Over-expression of Delila in tobacco and tomato resulted in enhanced pigmentation of flowers in tobacco, whereas vegetative tissues were affected in tomato. In both plant species this was at least partly due to increased expression of the DFR gene. A ten-fold increase of DFR mRNA levels was observed in tomato and a four-fold increase in tobacco when DEL was over-expressed. Transcript levels of CHS were only slightly increased, two and three-fold, for tobacco and tomato, respectively (Mooney et al. 1995).
Activation tagging in a tomato line accumulating anthocyanins has led to the identification of the ANT1 gene, a transcriptional regulator of the anthocyanin biosynthesis pathway encoding a myb transcription factor (Mathews et al. 2003) with strong similarity to Petunia AN2. This ANT1 gene appeared to be responsible for the intense purple coloured vegetative tissue and purple spots in the fruit epidermis of the tomato mutant. The tomato cultivar Micro-Tom, constitutively over-expressing a single genomic ANT1 gene, demonstrated phenotypes varying from weak to strong anthocyanin accumulation. In seedlings of transgenic ANT1 tomato plants the anthocyanin levels were increased up to 3.5 mg/g fresh weight—an almost 500-fold increase compared to untransformed seedlings. LC-MS analysis revealed that nine discrete anthocyanins were responsible for the pigmentation found in ANT1 transenic seedlings. These consisted of the 3-rutinoside-5-glucosides of delphinidin, petunidin and malvidin (all delphinidin-type anthocyanins). Further acylation of these anthocyanins with caffeic acid or coumaric acid resulted in six additional pigment molecules. Over-expression of ANT1 resulted in the up-regulation of early (CHS, CHI-like) as well as late (DFR) genes of anthocyanin biosynthesis. In addition flavonoid modifying genes (i.e. 3-O-glucosyltransferase and 5-O-glucosyltransferase) and genes encoding proteins involved in flavonoid transport (HD-GL2, permease and GST) were increased as well.
Besides transcription factors which increase the activity of the flavonoid pathway, also negative regulators of flavonoid biosynthesis have been described. For example, mutation of the DE-ETIOLATED1 gene (DET1) has been shown to result in high pigmented phenotypes (hp-2) in tomato. The darker fruits of these mutants are due to elevated levels of both flavonoids and carotenoids (Bino et al. 2005). Fruit specific suppression of the regulatory gene DET-1 resulted in increased levels of both secondary metabolite groups. Flavonoid levels were increased up to 3.5 fold, lycopene content was two-fold higher and β-carotene levels accumulated up to ten-fold compared to wild type fruits (Davuluri et al. 2005).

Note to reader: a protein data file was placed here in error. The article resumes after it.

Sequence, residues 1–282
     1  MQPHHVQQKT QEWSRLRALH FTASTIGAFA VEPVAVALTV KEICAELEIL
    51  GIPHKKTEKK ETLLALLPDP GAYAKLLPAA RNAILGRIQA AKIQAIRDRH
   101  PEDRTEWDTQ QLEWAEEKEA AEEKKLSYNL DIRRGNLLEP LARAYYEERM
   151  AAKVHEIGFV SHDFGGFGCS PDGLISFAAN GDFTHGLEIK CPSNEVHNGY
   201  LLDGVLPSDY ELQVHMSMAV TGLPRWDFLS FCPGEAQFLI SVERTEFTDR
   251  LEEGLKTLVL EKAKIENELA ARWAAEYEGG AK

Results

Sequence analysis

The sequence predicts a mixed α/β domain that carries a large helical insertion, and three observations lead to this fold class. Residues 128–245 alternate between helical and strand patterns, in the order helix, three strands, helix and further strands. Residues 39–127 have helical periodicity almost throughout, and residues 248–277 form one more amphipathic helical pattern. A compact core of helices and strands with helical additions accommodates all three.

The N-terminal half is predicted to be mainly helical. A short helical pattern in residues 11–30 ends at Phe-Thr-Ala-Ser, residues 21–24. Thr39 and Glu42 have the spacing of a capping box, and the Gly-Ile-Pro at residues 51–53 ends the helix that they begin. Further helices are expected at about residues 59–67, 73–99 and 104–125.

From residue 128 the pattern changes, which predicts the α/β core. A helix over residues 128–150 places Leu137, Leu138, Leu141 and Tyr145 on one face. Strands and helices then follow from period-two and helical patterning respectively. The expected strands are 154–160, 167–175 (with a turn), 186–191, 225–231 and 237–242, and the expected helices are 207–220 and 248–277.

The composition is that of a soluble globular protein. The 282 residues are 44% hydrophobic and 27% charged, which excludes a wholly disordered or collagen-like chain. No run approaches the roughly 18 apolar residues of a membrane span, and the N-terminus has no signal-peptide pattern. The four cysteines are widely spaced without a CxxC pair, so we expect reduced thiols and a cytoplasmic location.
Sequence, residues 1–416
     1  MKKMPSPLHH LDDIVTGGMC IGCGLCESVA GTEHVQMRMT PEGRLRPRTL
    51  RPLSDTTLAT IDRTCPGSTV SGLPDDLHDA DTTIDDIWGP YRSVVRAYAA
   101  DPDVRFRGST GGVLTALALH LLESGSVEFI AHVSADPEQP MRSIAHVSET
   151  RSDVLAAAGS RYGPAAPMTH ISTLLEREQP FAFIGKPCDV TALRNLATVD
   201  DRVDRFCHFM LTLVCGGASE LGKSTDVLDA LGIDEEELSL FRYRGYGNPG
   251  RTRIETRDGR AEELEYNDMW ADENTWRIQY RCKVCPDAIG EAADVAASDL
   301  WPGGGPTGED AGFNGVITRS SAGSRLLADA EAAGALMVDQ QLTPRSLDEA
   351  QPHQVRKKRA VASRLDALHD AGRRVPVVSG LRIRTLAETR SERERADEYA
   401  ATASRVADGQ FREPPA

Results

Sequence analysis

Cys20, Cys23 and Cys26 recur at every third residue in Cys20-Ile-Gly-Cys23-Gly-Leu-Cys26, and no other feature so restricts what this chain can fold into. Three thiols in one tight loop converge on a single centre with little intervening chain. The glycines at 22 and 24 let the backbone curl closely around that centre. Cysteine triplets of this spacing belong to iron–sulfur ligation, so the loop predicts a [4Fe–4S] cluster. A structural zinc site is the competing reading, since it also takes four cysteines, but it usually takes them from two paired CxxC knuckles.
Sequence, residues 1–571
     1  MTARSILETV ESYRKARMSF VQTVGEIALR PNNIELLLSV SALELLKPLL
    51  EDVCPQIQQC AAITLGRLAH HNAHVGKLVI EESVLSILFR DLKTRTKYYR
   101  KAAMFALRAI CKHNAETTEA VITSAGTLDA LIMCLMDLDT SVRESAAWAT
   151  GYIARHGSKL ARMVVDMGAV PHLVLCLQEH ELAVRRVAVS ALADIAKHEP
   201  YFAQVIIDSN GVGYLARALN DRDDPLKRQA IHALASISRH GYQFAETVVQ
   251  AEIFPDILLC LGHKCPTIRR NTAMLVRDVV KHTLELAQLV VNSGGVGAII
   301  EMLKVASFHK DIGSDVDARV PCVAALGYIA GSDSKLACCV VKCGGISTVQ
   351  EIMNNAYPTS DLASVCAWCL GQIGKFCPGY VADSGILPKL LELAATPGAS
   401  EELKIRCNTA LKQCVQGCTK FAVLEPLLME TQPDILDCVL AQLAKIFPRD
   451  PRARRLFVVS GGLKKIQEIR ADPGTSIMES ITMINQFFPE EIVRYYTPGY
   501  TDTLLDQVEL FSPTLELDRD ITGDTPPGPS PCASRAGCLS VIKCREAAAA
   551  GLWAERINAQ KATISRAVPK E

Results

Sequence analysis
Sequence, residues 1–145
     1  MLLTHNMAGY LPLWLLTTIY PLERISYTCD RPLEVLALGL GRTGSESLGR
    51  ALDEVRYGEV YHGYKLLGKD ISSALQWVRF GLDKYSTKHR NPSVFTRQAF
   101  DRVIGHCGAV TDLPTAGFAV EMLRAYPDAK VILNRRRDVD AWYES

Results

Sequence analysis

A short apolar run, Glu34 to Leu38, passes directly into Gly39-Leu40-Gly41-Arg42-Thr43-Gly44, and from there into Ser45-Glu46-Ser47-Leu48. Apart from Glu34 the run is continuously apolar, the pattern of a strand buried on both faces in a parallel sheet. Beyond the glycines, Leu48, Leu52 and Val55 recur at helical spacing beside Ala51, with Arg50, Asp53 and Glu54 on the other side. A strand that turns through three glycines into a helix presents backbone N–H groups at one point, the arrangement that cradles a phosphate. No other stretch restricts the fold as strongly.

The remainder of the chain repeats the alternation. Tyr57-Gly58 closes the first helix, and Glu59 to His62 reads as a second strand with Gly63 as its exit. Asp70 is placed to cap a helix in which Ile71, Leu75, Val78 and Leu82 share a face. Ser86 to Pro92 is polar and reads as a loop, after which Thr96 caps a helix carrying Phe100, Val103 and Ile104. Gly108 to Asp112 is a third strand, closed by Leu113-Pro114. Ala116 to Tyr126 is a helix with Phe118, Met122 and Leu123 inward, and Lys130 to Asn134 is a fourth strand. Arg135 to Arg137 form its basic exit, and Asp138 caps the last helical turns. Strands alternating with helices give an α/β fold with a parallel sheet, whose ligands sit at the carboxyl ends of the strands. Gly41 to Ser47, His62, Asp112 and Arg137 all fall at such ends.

4 Modifying the flavonoid pathway using structural genes
The major flavonoid accumulating in tomato fruit peel is naringenin chalcone, the product of CHS. Naringenin chalcone accumulates during ripening concommittant with an increase in CHS gene expression. In addition to naringenin chalcone, the flavonol quercetin rutinoside, or rutin, also accumulates in tomato fruit peel. Biochemical and molecular analysis of peel and flesh samples of WT tomato fruits revealed that, in the flesh, all flavonoid genes show very low expression levels, in line with the lack of flavonoids in fruit flesh. In peel, all the genes required for the production of rutin were strongly induced upon ripening, except for the gene encoding chalcone isomerase (CHI), which demonstrated low expression throughout ripening (Muir et al. 2001; Bovy et al. 2002). Chalcone isomerase is required to convert naringenin chalcone into naringenin and both the accumulation of naringenin chalcone and the low CHI expression suggest that CHI is a rate-limiting step in the pathway leading to rutin. Ectopic expression of the Petunia CHI gene in tomato fruits indeed relieved the block in the pathway (Fig. 1), leading to an up to 70-fold increase in tomato fruit peel of total flavonols, consisting mainly of the flavonols rutin (quercetin 3-rutinoside) and isoquercetin (quercetin-3-glucoside), and to a smaller but still substantial extent of kaempferol glycosides (Table 1). In these high-flavonol transformants, naringenin chalcone levels were strongly reduced, suggesting that the Petunia CHI enzyme utilizes the natural naringenin chalcone pool as substrate (Muir et al. 2001; Verhoeyen et al. 2002).